Retorts to Hijab Apologists
I have listed some of the most common and inane arguments cited when highlighting the Hijab’s origins as a tool of patriarchal theocracy. These lines are most commonly heard in the West, where the vast majority of the world’s most privileged women reside; and typically feature ad hominem and fear-mongering tactics that seek to distract from Islam and Islamism as institutions and refocus on highly westernized and individual interpretations of the faith that have no relation to Islam’s historical meaning and practice.
But it’s about a woman’s choice! Prohibiting it makes one no different than ISIS!
Stating that the hijab is a tool of patriarchal theocracy to police women’s bodies and codify female worth as ancillary to man’s and primarily sexual, is not the same as arguing for the hijab to banned, such as in France. In fact, they have absolutely no relation to one another. So this first argument is a non-argument, and is a perfect example of the kind of re-framing that western hijab apologists will do when faced with the reality of religiously motivated headscarves.
Secondly, the hijab has nothing to do with choice, actually, quite the opposite. The hijab is ‘about’ policing women’s bodies and tethering them to patriarchal concepts of female purity, male property, and bearers of the burden of family honor. ‘Choice’ has nothing to do with the history and concept of hijab. To counter this is similar to asserting that the subordination of nuns to priests in Catholicism, another conveniently female to male power dynamic, is about choice and not the usual sexual politics. Such counters seek to deny the history, if not the present global practices, of that particular church.
Thirdly, these often made comparisons to ISIS are not just baseless, but grotesque. If one has doubts they may wish to live under ISIS for one day and then compare that experience to a year in Paris. Taking the exception in democracies and comparing them to the rule in terror-run dictatorships, is as teenage as it is hysterical.
The oppression of women and minorities we see in the Muslim world are not the product of the hijab but of American and Western imperialism.
This argument is another classic dodge to avoid holding cultures accountable for their values and instead blame foreign conspiracies for their inferiority complex. It goes without saying that Western imperialism has a lot to answer for, but contempt for human rights and free thought is a problem that Islam, like any religion, has created for itself. It did not need any outside help. Were this argument legitimate the imperialist Islamic polity, the Ottoman Empire, would have to be explained. Islamic contempt for science, free thought, and human rights developed alongside the religion, not after toxic Western influences. In short, ideologies are responsible for their own values, not conspiracies, real or imagined.
But indeed, the hijab is not the sole cause of female oppression in the Muslim world, it is however a symptom.
I don’t care what extremists say, the hijab means feminism and freedom to me!
If everyone just went about tailoring Islam to their own particular values, it would cease to exist as a cohesive institution. Islam either has something to say about the hijab or it does not. If it does, then there is one, defined thing the hijab represents. If it says nothing about the hijab, then a so-called extremist’s interpretation is as good as the so-called moderate’s. And guess which set of practitioners prevails? I’ll add here, simply because one’s interpretation of a faith is more peaceful than another’s, does not qualify it as the truer interpretation.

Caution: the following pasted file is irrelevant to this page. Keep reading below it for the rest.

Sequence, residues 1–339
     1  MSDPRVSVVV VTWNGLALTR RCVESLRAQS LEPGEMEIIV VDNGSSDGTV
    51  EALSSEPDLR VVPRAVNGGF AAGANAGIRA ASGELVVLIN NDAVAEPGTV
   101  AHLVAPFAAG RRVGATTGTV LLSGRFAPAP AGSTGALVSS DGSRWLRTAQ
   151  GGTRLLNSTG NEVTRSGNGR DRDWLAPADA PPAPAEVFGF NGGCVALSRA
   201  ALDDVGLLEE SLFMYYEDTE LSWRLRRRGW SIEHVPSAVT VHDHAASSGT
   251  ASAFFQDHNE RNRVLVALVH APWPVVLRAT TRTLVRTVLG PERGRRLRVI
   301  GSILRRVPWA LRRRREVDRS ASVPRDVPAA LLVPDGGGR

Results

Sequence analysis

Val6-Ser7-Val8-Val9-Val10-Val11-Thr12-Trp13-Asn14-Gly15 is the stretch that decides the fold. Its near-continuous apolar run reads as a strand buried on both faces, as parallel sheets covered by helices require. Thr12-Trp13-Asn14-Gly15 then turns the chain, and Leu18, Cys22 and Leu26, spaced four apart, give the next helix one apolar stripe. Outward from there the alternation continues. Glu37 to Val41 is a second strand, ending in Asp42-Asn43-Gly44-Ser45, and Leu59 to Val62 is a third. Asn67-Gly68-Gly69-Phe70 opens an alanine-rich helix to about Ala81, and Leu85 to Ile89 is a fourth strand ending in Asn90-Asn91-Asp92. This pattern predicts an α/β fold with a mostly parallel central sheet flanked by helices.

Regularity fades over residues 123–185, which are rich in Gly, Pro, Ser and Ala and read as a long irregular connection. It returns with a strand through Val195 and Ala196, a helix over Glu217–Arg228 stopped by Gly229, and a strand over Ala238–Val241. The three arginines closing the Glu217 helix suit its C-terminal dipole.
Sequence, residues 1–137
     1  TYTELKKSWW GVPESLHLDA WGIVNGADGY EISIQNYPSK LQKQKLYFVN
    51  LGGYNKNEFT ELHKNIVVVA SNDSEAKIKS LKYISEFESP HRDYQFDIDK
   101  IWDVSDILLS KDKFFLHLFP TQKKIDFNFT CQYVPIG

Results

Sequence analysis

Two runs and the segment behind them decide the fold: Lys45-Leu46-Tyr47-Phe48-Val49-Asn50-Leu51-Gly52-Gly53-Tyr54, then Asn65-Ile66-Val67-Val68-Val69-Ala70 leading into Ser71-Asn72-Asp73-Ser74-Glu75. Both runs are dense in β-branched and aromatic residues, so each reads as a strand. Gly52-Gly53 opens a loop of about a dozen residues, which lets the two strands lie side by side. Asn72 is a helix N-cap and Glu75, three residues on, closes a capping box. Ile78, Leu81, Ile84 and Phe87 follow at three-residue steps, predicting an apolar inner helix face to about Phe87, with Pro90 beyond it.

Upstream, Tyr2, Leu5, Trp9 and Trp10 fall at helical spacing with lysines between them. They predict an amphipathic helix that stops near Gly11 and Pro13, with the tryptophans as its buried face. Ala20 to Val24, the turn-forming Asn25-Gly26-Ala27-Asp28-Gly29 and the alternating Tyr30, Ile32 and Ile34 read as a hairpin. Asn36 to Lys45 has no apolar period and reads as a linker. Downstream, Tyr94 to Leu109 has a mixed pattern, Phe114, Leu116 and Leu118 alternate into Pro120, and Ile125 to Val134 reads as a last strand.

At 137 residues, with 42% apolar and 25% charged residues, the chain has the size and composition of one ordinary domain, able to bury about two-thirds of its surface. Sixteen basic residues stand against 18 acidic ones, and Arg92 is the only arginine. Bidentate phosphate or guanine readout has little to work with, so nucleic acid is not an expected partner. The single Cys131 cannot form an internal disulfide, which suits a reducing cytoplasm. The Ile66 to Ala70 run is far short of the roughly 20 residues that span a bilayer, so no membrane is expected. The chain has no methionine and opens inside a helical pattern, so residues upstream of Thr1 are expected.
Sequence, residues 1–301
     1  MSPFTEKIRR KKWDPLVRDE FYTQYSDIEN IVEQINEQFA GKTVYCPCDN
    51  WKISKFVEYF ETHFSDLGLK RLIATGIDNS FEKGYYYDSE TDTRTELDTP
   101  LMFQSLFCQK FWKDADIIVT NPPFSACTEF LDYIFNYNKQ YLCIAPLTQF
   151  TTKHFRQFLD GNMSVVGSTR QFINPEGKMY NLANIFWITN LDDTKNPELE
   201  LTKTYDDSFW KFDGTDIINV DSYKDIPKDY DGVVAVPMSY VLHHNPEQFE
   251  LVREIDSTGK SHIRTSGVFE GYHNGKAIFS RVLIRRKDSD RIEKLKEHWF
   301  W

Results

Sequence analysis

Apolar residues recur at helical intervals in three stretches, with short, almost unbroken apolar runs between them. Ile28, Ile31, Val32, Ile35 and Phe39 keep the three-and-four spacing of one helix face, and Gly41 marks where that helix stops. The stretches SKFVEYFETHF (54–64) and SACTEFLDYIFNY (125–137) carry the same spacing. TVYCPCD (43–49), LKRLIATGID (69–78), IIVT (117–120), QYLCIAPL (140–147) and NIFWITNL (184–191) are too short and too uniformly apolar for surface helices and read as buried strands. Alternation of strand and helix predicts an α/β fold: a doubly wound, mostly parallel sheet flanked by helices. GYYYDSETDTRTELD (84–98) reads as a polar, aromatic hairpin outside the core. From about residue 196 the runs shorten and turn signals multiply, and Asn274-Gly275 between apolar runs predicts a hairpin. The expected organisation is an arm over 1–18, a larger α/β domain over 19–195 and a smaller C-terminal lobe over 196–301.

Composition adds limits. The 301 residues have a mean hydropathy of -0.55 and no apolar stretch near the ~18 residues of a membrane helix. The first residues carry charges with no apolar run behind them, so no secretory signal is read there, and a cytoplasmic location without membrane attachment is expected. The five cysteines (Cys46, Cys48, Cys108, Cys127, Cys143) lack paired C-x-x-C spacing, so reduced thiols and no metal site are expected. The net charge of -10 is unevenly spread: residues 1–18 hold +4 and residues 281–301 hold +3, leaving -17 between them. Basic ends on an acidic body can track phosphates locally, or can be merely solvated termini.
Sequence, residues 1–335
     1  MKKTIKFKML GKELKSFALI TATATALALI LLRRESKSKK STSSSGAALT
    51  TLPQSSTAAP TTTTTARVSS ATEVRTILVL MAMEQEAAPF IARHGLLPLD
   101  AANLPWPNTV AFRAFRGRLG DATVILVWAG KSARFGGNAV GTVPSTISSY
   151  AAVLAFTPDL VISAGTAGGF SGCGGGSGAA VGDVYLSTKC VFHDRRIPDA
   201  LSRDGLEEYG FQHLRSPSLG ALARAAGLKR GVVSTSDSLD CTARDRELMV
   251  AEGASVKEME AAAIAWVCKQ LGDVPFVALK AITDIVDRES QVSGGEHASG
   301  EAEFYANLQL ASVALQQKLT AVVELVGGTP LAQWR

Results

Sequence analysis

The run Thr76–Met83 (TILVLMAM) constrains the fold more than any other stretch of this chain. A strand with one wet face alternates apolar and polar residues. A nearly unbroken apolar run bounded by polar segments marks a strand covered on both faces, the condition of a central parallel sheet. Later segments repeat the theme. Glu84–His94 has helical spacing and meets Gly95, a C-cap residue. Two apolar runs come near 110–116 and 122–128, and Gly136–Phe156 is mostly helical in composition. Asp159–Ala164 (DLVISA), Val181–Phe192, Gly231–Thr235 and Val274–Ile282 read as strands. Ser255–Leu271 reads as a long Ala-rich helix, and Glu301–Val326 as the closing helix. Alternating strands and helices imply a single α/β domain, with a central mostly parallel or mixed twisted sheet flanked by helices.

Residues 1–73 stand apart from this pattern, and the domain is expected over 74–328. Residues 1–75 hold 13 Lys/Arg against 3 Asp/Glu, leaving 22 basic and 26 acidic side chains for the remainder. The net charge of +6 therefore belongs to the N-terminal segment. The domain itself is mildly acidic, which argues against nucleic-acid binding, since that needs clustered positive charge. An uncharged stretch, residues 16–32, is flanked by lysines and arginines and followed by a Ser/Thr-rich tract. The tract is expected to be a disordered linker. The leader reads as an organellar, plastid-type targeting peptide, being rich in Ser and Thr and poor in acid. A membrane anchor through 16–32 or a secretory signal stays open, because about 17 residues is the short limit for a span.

The strongest indicator would seem to be the interpretation of those countries that practice Islamic jurisprudence, Sharia Law. Sudan, Iran, Saudi Arabia, and Afghanistan all agree that the hijab exists to burden women with notions of female honor, male property, and emblemize woman’s worth as a sexual object. So you can ‘not care’ all you want, and invent all the cutesy representations of the hijab that you wish, but in the Muslim dominated world there is an overwhelming consensus that the hijab represents not female liberation, but female subordination.
In one Pew study asking what was appropriate for women to wear in public, the overwhelming majority of seven different Muslim countries supported some kind of head scarf. If the hijab was really about choice and freedom, then this study would leave me to wonder where the notion of ‘what’s appropriate’ figures into it.
But the Koran says men and women are partners, and that women should seek knowledge too.
Really? Well does it say what kind of partners men and women are? Or what sort of knowledge women should seek? Does the Koran ever explicitly state that men and women are equals? The word ‘partner’ does not necessitate equality. Nor does the command ‘seek knowledge’ translate to ‘seek equality’. And if men and women are equals under Islam, why don’t men wear a hijab? This is similar to Catholicism’s justification of male dominated power in the church. Are we to believe that men and women are equal in Catholicism despite the fact that women cannot hold any meaningfully high office there? Come on ladies…this is some pathetic reaching.
These lines are often used to ‘prove’ that the hijab is not a symbol of sexism. But these vague, optimistically translated passages say nothing about the relationship Islam intends between men and women.
Every person should have a right to wear what they wish. But the hijab isn’t just a necklace or scarf worn to keep the head warm. It is a religiously motivated symbol, and pretending that it doesn’t have a history or intent is as silly as wearing a swastika and claiming it is just a pattern. We need to be honest, not stupidly optimistic, about what these symbols represent and what their agenda is.